|I had to take a break from drafting novels. I'm a third into the second book in a trilogy of historical adventures set in Late Rome. Sales of the previous six novels are brisk enough for me to celebrate 2012, so a bit of sewing was very relaxing over the last two weekends.|
I had a remnant of pin-striped wool/mix of only 1.1 metre (150cm wide) that I thought would make a good pencil skirt long ago. But it's been sitting alone in my sewing box (I don't really keep a stash) for two years-plus. I finally decided to take it out and use it.
Obviously, a pencil skirt just wasn't enough motivation for me. Then, I thought of my daughter's "shovel-neck" sheath dresses, made twice; once in underlined lace and the other in a high-tech pleather and lined. Both were hits with her, but were so short that, of course, I could have made either version from a handkerchief.
Could I squeeze a sheath for a grown-up out of so little fabric?
I looked at two Burda designs. Although they're very similar, and both are designs that offer ample seaming for a nice fit, I noticed that the pieces of 02-2011-131 give you more leeway in squeezing the most out of a short length of fabric
On my blog Chanel No. 6 I show the technical designs for the pattern used for daughter's sheaths, model 115 from October 09, and below that, the model from July 2011 I settled on, as photographed above, for the pin-striped remnant dress. I think of both as the sewist's quickie take on a fancy Galaxy dress, so popular years ago.
I made a couple of simple changes to 131. First I added a burgundy satin lining, (also a cheap remnant of one metre) underneath the inner front facing and substituting for the upper back facing. I omitted the interfacing on the sleeves as I didn't want wings, just sleeves, and as I had three layers rather than two at the neckline, didn't interface that either. I'll confess my corners on the dress neckline were a bit wonky, as it was difficult to align the dress seaming to a facing that had no matching seaming. This gave me an unfortunate little bubble of too much fabric at the critical inner corner of the neckline which I tacked down by hand.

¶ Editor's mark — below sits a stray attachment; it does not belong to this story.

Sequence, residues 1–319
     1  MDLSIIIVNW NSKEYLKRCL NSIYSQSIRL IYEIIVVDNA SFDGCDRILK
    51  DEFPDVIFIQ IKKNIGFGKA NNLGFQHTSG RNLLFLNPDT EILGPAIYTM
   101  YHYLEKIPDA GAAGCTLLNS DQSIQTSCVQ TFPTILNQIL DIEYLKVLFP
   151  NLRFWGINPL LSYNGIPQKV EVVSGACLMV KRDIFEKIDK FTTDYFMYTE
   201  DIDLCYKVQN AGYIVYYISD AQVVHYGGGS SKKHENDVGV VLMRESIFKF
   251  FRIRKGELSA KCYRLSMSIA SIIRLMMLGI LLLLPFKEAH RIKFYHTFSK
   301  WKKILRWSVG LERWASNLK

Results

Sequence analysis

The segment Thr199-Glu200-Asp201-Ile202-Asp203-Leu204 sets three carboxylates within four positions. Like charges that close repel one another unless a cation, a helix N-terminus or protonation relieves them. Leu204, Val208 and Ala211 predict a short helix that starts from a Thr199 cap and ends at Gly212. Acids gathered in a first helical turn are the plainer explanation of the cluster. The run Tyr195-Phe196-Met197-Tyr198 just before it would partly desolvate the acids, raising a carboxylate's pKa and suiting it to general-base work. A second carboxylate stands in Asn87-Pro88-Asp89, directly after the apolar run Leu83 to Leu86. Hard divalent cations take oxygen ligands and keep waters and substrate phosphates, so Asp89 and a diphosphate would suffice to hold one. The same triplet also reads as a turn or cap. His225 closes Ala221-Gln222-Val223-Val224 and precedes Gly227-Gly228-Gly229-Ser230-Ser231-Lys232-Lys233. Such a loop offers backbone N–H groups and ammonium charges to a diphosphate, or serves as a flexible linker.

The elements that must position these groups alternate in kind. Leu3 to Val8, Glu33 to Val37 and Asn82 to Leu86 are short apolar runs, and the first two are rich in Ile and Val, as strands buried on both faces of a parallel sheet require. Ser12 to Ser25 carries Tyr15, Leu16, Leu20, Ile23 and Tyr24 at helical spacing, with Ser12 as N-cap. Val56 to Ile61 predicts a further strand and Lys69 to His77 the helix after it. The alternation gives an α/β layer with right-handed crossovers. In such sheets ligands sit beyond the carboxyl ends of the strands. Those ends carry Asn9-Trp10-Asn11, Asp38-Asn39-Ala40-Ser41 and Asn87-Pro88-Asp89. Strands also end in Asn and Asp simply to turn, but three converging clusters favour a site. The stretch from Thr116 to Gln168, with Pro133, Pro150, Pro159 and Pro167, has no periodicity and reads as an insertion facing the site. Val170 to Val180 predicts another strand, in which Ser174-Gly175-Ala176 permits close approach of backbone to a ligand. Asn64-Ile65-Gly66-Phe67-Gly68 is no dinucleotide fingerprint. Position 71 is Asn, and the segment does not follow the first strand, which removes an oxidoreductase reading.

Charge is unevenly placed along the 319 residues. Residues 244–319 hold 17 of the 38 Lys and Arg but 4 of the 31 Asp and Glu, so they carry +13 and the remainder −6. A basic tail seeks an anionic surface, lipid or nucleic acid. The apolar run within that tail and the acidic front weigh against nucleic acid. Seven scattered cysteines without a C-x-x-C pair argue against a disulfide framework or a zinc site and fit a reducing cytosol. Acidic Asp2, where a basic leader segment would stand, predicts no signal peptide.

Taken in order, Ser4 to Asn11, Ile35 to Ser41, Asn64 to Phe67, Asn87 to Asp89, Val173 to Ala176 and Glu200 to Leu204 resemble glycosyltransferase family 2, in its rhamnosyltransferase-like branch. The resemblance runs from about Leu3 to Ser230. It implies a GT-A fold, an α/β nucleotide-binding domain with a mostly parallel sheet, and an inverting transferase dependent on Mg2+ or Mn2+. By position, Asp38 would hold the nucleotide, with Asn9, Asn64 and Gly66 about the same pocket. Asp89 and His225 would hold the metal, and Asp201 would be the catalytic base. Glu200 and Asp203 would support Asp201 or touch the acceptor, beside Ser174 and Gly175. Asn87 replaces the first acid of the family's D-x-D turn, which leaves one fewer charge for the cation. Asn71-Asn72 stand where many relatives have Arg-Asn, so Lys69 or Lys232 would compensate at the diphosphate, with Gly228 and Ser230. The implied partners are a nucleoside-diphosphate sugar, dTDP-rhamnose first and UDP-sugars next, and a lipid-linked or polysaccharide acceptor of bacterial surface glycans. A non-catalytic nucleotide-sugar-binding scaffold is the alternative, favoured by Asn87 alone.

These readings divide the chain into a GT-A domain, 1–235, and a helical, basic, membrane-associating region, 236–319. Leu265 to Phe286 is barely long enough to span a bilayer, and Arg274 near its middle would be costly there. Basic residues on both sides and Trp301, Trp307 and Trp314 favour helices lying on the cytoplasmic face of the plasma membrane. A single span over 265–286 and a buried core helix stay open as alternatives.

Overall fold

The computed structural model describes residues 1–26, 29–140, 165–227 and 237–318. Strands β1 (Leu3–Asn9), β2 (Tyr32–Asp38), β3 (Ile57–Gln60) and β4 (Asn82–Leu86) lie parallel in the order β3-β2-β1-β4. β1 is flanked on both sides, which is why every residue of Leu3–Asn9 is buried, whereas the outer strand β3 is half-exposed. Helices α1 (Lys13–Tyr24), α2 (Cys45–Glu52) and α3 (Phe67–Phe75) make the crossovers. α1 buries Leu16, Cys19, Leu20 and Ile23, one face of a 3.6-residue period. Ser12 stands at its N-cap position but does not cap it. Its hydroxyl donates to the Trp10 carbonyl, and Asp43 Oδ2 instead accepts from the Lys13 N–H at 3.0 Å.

Most important, I wanted more pieces (and more flexibility) for an economical cutting layout. So I inserted the zipper into the middle of the center back, adding a seam where otherwise I would have been "cutting on the fold."
I used Nancy's technique for sewing the lining directly onto a sheath dress, stitching the neckline to the facing+lining and then sewing the raw edges of the outer sleeves along with the lower sleeve opening in one go, as if the sleeves were simply extensions on a sleeveless dress. (Note that to squeeze the facing out of my metre of fabric, I couldn't get it up to the fold. So I added a center seam. Next time, I'd just cut a lining in the color of the outer fabric with the same seaming as the dress pieces and discard the facing piece altogether.
I also shifted the walking vent to my new center back seam from the side vent Burda designed.
I always prefer a back zipper construction to a side zipper placement because sewing the side seams absolutely last before hemming means that you can pop on the dress at the end of construction and simply chalk along where the side seams will give you a glove-like fit. (If the zipper were in place on one side, you wouldn't have that kind of symmetrical fitting flexibility.)
In the end, this dress isn't the wowza item I would have liked to give you for the end of this year, but it's perfectly respectable as a "found" dress made from a forgotten remnant.
I'm not sure the neckline is for me, as I don't have a formidable and flawless chestbone area, but for what's it worth, here it is the week of Christmas. (Yes, it's that bright in the Swiss mountains in the winter! The gray cashmere cardigan is really not even necessary in the midday sun up here.)
This photo shows that weirdly, I've lost weight around the waist since I fitted this dress a few weeks ago. It's not actually wrinkled around the midriff—I am. I can either add a belt or take it in some more, as I'm planning to wear it at the annual Geneva Writer's Group Agents and Editors weekend in early February.
Happy New Year and support your favorite authors by buying books in any format or form you like. It's been a big learning curve this year for this writer and I'm dazzled by the e-book revolution. Eat, Read, Sew, that's my motto.